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How to tackle the embodied carbon in waste

Charlie Law   11 Apr 2014 Carbon, Sourcing responsibly

We all know that if you turn on a light or start up an excavator on site, you are going to generate carbon emissions, but have you ever considered the carbon impact of throwing away that half sheet of plasterboard, or the plastic packaging from that pack of insulation?

BAM has thought for a long time that this would have a significant impact, and has been working with WRAP and the UK Contractors Group to develop a set of conversion factors which reflect the impact of the waste removed from our construction sites. These have just been released on the WRAP and Zero Waste Scotland websites.


These conversion factors not only include the carbon impact of the transport removing the waste from site (which is all the current DEFRA factors include), but also the impact of treating the waste (e.g. from recycling, incineration with energy recovery or sending it to landfill). For construction waste, they also include the embodied carbon in making the material in the first place. This is an important factor that hasn’t been given much thought before but we believe this is vital to understand and then reduce the total impact that our buildings have.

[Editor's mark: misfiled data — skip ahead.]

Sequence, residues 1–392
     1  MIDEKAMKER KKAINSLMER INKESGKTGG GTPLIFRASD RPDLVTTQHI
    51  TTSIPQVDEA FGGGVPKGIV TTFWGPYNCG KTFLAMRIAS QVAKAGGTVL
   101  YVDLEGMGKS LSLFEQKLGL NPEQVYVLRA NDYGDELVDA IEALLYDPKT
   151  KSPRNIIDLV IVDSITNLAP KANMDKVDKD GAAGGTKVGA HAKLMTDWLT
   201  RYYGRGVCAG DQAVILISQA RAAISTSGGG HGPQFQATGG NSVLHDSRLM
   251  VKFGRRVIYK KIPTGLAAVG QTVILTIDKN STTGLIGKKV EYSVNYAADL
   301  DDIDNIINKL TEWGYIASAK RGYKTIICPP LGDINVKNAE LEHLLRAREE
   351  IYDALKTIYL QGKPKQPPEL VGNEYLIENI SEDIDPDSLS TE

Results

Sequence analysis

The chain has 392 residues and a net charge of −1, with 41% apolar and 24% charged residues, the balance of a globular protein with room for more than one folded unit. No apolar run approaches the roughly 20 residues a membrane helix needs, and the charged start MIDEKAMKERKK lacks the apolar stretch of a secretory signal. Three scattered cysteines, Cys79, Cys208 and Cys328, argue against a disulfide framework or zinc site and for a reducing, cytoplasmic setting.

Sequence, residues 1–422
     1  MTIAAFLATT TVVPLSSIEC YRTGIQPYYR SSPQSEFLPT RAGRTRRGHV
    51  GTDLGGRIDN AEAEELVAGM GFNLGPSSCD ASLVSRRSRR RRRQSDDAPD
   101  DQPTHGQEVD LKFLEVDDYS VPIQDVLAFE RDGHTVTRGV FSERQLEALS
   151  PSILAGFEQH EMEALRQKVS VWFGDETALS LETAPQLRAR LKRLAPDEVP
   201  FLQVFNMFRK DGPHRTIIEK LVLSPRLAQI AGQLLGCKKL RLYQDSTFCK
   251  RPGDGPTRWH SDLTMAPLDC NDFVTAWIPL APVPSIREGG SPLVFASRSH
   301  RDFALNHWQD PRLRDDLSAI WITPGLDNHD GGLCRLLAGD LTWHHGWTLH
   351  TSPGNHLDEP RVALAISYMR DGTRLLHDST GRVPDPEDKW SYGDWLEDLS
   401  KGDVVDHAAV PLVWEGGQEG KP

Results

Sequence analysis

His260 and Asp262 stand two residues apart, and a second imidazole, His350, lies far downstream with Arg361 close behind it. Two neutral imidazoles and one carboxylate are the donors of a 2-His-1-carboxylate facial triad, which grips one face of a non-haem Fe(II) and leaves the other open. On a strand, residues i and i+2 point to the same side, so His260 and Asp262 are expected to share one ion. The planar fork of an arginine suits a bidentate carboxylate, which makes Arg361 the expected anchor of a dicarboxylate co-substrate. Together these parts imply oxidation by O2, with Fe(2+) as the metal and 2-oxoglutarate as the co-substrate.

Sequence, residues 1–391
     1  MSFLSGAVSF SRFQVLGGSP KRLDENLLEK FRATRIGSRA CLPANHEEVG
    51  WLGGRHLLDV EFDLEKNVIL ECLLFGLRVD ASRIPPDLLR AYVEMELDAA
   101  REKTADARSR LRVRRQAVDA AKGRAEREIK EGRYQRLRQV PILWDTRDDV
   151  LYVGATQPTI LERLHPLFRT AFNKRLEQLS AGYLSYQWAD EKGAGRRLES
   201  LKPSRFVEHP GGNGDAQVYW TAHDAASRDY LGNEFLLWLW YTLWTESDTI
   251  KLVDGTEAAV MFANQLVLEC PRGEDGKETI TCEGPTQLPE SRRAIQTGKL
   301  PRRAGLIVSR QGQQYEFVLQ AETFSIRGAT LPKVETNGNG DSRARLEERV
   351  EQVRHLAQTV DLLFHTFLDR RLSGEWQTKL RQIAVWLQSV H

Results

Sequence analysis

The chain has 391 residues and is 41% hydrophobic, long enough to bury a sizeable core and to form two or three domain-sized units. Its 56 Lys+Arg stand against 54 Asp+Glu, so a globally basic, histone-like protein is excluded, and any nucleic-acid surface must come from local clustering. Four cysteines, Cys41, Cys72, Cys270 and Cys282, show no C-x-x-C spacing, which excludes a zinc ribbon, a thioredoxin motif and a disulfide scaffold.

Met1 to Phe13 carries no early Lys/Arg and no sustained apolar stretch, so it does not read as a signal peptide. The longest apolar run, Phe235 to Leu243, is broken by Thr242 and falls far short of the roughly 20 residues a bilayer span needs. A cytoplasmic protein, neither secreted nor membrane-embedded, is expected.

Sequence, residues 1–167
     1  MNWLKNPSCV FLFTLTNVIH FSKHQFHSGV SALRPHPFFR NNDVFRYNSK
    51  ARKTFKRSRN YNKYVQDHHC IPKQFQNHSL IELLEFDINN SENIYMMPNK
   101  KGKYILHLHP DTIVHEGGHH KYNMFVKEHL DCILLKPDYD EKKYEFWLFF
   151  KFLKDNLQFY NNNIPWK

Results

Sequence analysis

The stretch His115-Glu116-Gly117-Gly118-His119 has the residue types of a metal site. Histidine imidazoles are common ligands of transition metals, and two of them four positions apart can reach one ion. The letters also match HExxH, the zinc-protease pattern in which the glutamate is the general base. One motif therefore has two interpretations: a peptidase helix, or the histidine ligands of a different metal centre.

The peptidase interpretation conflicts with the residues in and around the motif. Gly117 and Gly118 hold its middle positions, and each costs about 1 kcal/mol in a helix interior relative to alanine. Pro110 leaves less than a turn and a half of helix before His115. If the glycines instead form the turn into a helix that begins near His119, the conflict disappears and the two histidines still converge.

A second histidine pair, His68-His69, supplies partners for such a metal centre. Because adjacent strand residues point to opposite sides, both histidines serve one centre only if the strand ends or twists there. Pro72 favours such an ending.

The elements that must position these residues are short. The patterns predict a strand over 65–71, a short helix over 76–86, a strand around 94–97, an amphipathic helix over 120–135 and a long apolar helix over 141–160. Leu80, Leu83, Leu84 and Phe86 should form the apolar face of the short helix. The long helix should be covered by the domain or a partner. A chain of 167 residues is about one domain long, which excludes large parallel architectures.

Using the new factors, we’ve calculated the carbon impact of the waste removed from our construction sites during 2013, and although we expected the impact to be significant, we didn’t realise how substantial it would be. The final figure for all construction, demolition and excavation waste removed from our sites was a staggering 35,000 tonnes CO2e (about double our company carbon footprint for 2013). Almost 30,000 tonnes of this is due to the embodied carbon in materials, which is the key part the industry has been missing till now.

Key waste streams contributing to this included mixed packaging and plastics at 3,500 tonnes (10%), as well as our mixed construction waste at 22,000 tonnes (63%). Although soils and stones are by far our biggest waste stream, making up over 70% of all waste, it only accounts for just over 1% of carbon emissions.

At BAM, we’ve reduced waste intensity by 37% since 2008, which using our new factors, amounts to a saving of around 20,000 tonnes of CO2e. To reduce this impact further we must focus on the circular economy principles, as highlighted in our previous blog posts, and ensure as contractors, designers and clients that we collaborate to:

  • Design for re-use and recovery, especially reuse of packaging materials
  • Design for off-site construction
  • Design for materials optimisation
  • Design for waste efficient procurement
  • Design for flexibility and deconstruction

We and the wider sector have already made great progress in reducing waste but there is still more to do to reduce embodied carbon.


 

 

 

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